2006-02-10-Bird flu team to go door-to-doorUnderstanding Avian Influenza
2006-02-10-Bird flu team to go door-to-door
As more human cases of avian flu appear in the capital, the Jakarta administration is preparing for the gargantuan task of checking every house to find birds infected with the virus.
There are over 2,152,000 households in the city, though apartments will probably be exempt from the checks.
The Jakarta Animal Husbandry, Fishery and Maritime Affairs Agency is training 200 volunteers to carry out the checks.
To date, the agency has only checked areas where human cases of bird flu have surfaced.
Agency head Adnan Ahmad said Wednesday tests results from affected areas would be analyzed before the door-to-door checks commenced next week.
"Previously, testing was limited to certain areas. However, based on those checks, we came to a decision: to start (city-wide checks), focusing on areas that have the highest number of cases," he told The Jakarta Post.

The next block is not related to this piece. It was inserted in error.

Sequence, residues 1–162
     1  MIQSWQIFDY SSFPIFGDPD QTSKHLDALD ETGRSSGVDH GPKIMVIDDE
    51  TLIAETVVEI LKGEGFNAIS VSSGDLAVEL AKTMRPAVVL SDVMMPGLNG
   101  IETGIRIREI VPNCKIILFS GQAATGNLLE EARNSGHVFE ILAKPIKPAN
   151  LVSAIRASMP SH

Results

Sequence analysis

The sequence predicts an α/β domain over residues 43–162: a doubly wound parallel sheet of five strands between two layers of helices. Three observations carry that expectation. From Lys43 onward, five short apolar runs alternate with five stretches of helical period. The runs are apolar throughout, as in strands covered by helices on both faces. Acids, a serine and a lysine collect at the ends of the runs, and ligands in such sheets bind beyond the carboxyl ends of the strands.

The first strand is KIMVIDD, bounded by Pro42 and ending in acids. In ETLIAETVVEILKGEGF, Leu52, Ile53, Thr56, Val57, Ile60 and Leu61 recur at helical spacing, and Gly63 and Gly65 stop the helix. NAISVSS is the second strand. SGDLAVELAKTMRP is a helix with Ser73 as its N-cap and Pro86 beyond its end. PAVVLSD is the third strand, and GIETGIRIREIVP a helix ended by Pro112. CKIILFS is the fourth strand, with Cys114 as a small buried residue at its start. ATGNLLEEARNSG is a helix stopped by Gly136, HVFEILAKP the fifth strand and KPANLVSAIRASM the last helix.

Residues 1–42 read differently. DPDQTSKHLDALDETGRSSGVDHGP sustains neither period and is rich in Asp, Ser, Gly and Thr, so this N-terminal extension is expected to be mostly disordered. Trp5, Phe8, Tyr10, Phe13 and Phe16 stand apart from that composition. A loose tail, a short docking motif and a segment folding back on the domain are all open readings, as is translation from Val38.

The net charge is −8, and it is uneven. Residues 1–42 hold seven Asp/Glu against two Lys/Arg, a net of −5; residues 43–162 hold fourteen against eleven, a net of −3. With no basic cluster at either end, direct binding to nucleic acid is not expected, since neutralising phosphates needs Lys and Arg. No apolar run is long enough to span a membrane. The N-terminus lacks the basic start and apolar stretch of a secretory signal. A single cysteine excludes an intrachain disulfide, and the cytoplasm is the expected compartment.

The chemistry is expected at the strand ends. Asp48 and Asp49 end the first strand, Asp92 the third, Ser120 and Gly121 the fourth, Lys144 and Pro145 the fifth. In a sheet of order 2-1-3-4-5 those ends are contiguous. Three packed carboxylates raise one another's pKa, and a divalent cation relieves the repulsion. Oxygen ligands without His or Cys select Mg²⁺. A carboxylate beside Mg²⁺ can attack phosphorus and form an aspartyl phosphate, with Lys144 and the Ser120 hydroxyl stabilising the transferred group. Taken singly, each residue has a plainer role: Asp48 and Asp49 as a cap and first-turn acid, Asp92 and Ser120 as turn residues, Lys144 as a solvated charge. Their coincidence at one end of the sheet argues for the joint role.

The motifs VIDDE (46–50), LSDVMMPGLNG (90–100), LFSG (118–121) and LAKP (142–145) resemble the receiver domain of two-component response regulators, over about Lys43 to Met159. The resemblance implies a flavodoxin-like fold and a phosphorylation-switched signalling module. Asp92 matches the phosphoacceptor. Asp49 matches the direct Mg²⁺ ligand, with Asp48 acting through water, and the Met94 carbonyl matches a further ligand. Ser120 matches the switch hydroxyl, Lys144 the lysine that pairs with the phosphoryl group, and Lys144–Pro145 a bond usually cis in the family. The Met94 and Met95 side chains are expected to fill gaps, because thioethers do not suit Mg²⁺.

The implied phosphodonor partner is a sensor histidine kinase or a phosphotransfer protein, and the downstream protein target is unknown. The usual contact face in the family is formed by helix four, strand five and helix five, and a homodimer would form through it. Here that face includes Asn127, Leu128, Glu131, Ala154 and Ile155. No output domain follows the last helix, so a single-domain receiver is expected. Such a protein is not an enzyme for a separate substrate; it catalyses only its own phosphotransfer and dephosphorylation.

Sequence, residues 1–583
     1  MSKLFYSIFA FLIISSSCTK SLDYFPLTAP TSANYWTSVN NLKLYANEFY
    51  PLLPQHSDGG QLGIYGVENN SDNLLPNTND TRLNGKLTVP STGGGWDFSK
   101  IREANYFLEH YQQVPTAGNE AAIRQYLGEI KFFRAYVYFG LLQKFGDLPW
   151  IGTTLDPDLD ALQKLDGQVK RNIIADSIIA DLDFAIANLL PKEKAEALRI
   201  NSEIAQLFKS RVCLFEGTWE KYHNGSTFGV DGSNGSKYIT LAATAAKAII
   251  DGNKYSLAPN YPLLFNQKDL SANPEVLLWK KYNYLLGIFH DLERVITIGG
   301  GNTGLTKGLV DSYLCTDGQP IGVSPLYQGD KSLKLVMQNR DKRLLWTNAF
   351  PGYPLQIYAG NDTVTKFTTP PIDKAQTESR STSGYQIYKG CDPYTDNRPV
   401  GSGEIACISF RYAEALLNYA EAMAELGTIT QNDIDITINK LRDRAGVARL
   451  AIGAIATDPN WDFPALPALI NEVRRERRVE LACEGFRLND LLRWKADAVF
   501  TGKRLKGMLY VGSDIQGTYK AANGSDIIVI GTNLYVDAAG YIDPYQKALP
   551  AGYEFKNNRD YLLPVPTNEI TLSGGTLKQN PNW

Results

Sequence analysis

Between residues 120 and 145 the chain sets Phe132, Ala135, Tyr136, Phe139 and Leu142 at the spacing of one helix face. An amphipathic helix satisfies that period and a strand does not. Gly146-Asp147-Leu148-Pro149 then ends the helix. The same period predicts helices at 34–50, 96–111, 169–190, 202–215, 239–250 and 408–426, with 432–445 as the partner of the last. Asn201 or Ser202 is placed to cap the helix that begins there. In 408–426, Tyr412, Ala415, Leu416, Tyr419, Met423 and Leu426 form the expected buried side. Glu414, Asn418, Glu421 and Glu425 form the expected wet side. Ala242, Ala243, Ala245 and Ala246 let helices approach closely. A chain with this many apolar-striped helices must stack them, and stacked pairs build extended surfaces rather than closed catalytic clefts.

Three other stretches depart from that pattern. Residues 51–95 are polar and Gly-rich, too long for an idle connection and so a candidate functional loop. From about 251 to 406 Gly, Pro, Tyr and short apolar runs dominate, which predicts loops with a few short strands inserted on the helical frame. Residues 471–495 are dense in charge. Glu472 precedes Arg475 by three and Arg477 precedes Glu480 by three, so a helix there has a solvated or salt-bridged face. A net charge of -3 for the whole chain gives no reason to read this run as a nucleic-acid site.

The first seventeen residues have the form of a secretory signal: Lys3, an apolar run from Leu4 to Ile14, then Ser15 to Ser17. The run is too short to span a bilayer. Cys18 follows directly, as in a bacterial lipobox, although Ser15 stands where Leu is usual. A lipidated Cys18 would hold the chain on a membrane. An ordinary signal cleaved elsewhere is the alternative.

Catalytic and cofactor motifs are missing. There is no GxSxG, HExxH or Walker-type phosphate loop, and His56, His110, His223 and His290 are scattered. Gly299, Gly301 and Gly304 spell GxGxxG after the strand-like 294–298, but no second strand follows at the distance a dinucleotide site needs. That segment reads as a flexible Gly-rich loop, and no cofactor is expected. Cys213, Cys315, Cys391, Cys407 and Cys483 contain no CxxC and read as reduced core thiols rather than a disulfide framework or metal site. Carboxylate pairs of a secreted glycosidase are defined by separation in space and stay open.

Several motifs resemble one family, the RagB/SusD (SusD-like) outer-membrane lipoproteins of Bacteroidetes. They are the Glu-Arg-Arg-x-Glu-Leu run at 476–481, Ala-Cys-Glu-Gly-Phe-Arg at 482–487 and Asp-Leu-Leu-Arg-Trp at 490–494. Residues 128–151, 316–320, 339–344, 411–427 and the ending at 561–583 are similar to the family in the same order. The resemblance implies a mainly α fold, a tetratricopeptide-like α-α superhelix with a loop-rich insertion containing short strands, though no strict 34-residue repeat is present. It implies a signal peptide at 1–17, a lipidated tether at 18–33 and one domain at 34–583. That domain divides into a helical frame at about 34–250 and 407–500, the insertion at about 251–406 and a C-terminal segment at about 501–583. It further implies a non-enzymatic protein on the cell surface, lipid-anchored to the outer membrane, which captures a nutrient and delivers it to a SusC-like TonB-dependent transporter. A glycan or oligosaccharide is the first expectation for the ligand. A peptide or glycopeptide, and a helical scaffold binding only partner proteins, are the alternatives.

The agency has so far found thousands of infected birds and chickens in at least seven subdistricts in East Jakarta, three subdistricts in North Jakarta, three subdistricts in West Jakarta, two subdistricts in South Jakarta and two subdistricts in Central Jakarta.
It has reported rapid culling of all diseased or exposed birds.
Adnan said that, through the city-wide checks, the agency could determine the course of bird flu in its seven-month spread across the city, and stop it from spreading to other areas.
Previously, Agriculture Minister Anton Apriantono said nationwide door-to-door checks were essential to stop bird flu from spreading.
He said Sumedang and Purwakarta, both in West Java, Lampung, and Jakarta would be prioritized as they had the highest numbers of cases.
"Indonesia has become an endemic area for bird flu. Many people and thousands of animals have died. That's why data on the spread of the virus is very important. We will use the data and focus on those areas with the most infections," Anton said recently.
According to the Health Ministry, Indonesia has recorded 23 human cases of bird flu, resulting in 16 deaths.